# Applications of Topology Optimization Techniques in Seismic Design of Structure

Kazem Ghabraie (University of Southern Queensland, Australia)
DOI: 10.4018/978-1-4666-1640-0.ch010
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## Abstract

During the last two decades, topology optimization techniques have been successfully applied to a wide range of problems including seismic design of structures. This chapter aims to provide an introduction to the topology optimization methods and a review of the applications of these methods in earthquake engineering. Two well-established topology optimization techniques are introduced. Several problems including eigenfrequency control of structures, compliance minimization under periodic loading, and maximizing energy absorption of passive dampers will be addressed. Numerical instabilities and approaches to overcome them will be discussed. The application of the presented approaches and methods will be illustrated using numerical examples. It will be shown that in seismic design of structures, topology optimization methods can be useful in providing conceptual design for structural systems as well as detailed design of structural members.
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## 1. Introduction

Solving optimization problems is an inherent part of engineering design where one seeks the best design to minimize or maximize an objective function subject to some constraints. In structural optimization, depending on the nature of the design variables, three different optimization categories can be recognized. Sizing optimization arises when the design variables are connected to the dimensions of the elements. It can be useful where the layout and the shapes of the members are known and it is desired to find the optimum dimensions. On another level, one can choose the design variables to control the shape of the boundaries of the members. Such selection will lead to shape optimization. If the overall layout of the members is known and it is already decided where to put each member, in order to find the best shapes of the members, one can use shape optimization. In order to optimize the topology, connectivity, or layout of a system, topology optimization techniques should be used. In topology optimization the design variables control the topology and connectivity of the design. Figure 1 schematically illustrates these three categories of structural optimization.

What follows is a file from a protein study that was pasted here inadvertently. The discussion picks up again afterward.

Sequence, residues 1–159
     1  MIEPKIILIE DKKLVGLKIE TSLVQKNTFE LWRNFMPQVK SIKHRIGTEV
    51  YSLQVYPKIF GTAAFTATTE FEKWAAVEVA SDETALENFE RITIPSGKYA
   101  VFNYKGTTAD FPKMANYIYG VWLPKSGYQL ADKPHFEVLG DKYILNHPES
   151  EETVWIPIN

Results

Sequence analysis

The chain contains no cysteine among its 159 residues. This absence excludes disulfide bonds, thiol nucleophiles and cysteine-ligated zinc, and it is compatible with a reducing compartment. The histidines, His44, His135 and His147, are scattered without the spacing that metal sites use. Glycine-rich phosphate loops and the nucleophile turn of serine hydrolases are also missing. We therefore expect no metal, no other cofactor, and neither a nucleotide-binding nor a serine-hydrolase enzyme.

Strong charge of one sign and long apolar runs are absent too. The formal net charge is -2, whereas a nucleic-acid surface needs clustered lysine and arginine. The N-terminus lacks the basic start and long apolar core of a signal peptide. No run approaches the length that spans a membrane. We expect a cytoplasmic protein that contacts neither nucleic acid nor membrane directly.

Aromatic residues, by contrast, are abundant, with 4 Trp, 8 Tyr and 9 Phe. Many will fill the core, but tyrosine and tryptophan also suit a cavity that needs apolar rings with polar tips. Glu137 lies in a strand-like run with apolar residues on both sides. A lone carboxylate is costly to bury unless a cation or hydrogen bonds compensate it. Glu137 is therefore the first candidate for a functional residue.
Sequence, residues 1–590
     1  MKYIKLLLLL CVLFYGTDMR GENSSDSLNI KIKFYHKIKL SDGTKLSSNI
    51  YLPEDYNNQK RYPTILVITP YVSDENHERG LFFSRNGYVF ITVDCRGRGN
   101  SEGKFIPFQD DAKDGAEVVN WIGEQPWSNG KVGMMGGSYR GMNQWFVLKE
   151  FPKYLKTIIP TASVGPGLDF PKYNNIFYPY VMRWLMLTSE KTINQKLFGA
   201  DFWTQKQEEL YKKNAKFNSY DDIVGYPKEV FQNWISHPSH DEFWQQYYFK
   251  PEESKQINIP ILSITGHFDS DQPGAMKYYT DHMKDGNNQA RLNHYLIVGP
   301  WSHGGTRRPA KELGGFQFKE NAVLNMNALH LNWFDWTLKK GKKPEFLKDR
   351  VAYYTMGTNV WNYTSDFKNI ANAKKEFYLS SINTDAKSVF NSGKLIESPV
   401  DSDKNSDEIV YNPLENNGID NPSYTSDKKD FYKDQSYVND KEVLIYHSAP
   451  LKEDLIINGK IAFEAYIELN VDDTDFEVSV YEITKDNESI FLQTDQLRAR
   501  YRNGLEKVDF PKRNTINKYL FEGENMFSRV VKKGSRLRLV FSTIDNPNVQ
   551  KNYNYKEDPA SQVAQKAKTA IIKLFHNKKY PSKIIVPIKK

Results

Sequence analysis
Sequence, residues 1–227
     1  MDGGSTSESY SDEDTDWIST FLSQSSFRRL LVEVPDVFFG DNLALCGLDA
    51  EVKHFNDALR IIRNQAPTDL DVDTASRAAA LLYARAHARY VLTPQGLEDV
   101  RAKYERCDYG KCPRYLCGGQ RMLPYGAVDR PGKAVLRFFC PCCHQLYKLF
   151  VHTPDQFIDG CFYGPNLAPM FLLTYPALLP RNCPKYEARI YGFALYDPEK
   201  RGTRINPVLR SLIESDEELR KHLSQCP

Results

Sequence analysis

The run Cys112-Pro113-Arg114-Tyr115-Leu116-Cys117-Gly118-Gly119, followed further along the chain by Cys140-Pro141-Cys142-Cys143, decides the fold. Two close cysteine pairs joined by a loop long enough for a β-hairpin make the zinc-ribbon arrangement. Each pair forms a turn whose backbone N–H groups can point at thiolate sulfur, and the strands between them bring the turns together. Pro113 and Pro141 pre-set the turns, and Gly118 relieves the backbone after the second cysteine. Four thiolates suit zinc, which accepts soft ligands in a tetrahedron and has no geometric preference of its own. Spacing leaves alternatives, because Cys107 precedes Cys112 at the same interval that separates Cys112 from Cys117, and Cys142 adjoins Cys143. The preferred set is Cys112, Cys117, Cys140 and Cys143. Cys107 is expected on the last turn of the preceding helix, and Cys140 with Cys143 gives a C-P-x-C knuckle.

Figure 1.

The three levels of structural optimization: top) sizing optimization; middle) shape optimization; bottom) topology optimization

Starting from topology optimization and feeding the results to shape and sizing optimization routines will generally result in far greater savings than merely using shape and sizing optimization. Topology optimization techniques can thus be considered as important and powerful tools in hand of design engineers.

In this chapter we review the application of topology optimization techniques in seismic design of structures. We start with a brief review of the history of topology optimization. Then we focus on two general optimization problems in seismic design of structures, the eigenvalue optimization problem and the problem of maximizing the energy absorption.

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## 2. Topology Optimization

Initially addressed by Culmann (1866), the layout optimization problem is not quite new. The interesting work of Michell (1904) laid down the principles of topology optimization of structures more than a century ago. After that, the field remained untouched for nearly seven decades until Prager and Rozvany improved and generalized the Michell’s theory (e.g. refer to Prager 1969, 1974 and Rozvany 1972a,b). Yet the field didn’t attract much attention until Bendsøe and Kikuchi (1988) proposed a finite element-based numerical method for topology optimization of continuum structures. Usually referred to as the homogenization method, this approach soon became a basis upon which other topology optimization techniques have been developed.

In their approach, Bendsøe and Kikuchi considered special microstructures as the building cells of the structure and employed the homogenization method to find the macro-scale properties of the cells in terms of their micro-scale dimensions. By considering the dimensional properties of the microstructures as design variables, they reduced the topology optimization of the structure to sizing optimization of its microstructures.

Using the idea behind the homogenization method, Bendsøe (1989) introduced a simpler approach to optimize the topology of structures. In this new approach instead of using the microstructures and homogenization, Bendsøe proposed an artificial material interpolation scheme relating the material properties of the elements to their relative density. After Rozvany et al. (1992), this approach is referred to as ‘Solid Isotropic Microstructures with Penalization (SIMP)’. The SIMP approach is now one of the most established and popular methods in topology optimization.

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